What happens to justice when different players control the design of a dispute system? Are there differences across dispute system designs in procedural or substantive justice? Are there differences in the nature of the cases, processes, decision standards, discovery, or available damages? Are there differences in which parties can access the system, when, and where? What is the impact of dispute system design, and control over it, upon justice? How do we compare these systems to the traditional justice systems? Is a systematic empirical comparison possible? Is it desirable as a matter of public policy?

This class will investigate literature that defines justice for purposes of dispute systems from the disciplines of philosophy, law, and social science. It will examine not only distributive or substantive and procedural justice, but also theories from organizational behavior such as interactional, informational, and interpersonal justice, and theories from sociology and anthropology concerning differences in justice across individualistic and collectivist cultures. It will examine the theory and practice of dispute system design, and identify the elements that can vary across dispute systems. Finally it will explore the impact of varying design choices in a dispute system on dispute processing, the perceptions and experience of disputants, and ultimately, justice.

Readings and Required Text:

Tricia S. Jones (Editor), Conflict Resolution in the Field: Assessing the Past, Charting the Future, Conflict Resolution Quarterly, Volume 22, Number 1-2. San Francisco, CA: Jossey-Bass Publishers (2004).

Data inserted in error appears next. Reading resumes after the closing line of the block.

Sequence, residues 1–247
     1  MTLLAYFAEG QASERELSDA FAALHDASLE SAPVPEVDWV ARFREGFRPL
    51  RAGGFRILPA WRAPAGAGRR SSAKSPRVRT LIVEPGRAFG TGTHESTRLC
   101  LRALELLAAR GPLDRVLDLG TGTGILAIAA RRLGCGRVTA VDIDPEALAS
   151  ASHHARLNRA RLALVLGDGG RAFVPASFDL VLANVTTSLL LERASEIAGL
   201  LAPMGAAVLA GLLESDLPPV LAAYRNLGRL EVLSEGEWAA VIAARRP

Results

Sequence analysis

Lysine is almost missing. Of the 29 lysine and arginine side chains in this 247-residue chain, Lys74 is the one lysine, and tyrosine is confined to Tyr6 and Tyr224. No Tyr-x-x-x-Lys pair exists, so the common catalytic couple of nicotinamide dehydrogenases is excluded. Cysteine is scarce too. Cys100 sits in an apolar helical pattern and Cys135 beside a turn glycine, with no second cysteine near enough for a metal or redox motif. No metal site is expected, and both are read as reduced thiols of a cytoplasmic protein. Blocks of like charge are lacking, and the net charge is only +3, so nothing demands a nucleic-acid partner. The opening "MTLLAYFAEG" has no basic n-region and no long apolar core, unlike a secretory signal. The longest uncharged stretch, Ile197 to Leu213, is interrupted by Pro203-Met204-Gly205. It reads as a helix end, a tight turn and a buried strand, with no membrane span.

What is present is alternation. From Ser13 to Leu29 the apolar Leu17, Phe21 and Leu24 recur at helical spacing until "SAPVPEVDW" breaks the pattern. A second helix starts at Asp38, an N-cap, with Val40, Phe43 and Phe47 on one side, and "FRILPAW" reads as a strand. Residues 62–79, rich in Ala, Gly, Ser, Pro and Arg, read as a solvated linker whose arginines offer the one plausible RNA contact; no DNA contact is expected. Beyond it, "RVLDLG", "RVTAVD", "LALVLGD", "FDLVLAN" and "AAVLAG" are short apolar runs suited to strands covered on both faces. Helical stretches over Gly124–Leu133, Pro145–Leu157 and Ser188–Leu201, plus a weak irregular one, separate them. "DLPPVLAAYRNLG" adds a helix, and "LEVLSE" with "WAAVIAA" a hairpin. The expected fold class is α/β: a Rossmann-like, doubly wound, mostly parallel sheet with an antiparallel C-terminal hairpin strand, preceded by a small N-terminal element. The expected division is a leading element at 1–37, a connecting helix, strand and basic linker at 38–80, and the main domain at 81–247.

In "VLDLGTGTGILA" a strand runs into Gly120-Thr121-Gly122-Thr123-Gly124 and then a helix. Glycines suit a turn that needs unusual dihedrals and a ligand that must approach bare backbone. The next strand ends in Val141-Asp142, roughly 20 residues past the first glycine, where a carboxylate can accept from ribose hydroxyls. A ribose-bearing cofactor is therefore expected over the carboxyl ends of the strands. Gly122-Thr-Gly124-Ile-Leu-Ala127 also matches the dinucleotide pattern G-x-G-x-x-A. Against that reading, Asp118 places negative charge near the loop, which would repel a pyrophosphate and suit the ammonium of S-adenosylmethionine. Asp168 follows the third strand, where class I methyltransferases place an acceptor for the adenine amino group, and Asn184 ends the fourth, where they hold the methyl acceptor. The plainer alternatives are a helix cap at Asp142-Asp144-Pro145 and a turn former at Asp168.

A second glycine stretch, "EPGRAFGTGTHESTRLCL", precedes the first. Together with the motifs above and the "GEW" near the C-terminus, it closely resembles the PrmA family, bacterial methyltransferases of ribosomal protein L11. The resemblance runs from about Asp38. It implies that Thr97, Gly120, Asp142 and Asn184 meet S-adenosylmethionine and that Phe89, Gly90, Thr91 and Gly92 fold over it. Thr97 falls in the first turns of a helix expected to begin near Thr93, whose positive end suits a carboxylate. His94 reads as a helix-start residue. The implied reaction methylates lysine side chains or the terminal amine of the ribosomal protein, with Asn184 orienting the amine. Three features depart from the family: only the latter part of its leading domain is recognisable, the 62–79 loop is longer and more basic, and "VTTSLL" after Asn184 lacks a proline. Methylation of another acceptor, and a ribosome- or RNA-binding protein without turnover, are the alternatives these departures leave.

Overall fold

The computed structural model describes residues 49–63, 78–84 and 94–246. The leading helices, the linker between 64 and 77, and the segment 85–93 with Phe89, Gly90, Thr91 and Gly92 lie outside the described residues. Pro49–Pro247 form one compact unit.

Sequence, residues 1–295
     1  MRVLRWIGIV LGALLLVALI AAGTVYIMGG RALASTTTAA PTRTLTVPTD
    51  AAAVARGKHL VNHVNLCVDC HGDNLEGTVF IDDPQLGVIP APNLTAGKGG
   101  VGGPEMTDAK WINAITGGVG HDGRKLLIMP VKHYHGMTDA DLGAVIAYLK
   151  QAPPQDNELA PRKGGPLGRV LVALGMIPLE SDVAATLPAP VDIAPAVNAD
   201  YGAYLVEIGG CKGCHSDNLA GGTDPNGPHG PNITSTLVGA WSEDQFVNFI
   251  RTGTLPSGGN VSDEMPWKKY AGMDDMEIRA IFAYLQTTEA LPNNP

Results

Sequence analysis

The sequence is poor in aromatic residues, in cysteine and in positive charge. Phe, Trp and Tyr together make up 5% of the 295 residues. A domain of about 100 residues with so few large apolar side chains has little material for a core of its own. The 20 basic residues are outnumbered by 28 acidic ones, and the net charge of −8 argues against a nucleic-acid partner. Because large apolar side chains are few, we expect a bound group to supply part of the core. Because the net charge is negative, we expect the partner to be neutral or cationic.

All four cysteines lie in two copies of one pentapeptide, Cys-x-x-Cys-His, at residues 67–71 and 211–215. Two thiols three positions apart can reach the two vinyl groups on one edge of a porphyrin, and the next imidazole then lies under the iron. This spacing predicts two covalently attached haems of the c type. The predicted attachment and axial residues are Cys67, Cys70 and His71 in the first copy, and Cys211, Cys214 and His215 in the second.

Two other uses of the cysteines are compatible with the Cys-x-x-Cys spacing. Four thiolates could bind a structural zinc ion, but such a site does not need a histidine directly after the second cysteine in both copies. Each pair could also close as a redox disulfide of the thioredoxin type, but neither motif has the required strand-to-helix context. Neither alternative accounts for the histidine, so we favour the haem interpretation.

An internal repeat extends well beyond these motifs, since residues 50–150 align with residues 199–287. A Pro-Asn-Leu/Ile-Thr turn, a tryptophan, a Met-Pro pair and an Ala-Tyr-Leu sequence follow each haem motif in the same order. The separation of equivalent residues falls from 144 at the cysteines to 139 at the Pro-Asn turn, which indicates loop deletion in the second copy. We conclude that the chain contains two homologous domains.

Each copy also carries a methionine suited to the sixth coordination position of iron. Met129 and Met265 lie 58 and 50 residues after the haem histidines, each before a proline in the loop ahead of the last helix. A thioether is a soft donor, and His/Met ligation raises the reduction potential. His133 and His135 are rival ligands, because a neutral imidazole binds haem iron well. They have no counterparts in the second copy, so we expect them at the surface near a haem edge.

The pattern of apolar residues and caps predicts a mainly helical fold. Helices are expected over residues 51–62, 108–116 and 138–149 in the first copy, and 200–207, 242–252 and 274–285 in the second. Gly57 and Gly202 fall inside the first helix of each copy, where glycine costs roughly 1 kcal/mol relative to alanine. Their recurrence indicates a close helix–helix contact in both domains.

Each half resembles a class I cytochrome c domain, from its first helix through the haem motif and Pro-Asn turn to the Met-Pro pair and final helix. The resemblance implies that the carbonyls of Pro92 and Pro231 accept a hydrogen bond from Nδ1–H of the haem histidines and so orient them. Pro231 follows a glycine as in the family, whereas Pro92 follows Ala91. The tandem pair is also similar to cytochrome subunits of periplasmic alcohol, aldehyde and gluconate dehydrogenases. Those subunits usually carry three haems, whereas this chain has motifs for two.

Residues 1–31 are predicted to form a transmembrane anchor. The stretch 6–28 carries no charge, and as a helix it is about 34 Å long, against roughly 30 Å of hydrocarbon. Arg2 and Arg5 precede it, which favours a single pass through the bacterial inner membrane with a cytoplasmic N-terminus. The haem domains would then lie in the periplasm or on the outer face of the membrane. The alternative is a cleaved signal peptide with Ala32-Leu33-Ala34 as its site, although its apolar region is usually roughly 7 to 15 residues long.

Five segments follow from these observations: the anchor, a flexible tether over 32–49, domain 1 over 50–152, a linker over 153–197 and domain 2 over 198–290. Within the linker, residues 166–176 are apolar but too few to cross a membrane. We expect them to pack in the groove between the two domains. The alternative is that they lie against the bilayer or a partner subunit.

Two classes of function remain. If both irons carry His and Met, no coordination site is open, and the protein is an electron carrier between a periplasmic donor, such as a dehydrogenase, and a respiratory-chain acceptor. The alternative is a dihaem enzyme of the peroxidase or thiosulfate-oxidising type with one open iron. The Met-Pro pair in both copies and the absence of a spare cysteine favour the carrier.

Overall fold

Course packets of additional readings will be available from the Bookstore.

NOTICE: Please consider this syllabus to be in draft form and subject to revision. This is a new course, and I may need to adapt things depending on our progress through the material.

Graded Assignments:

Your grade will be based upon three components:

1. Class participation. This will represent six (6) percent of your grade.

2. Write three reflections on the reading, each one-page: long. Over the course of the semester, select a reading upon which to reflect in writing. Apply the contents of that reading to a particular dispute system design or conflict resolution context or based on your experience. Share your thoughts with the class. These will represent three (3) percent each for a total of nine (9) percent of your grade.

3. A mid-term examination: This will be anonymously graded and represent 50 percent of your grade.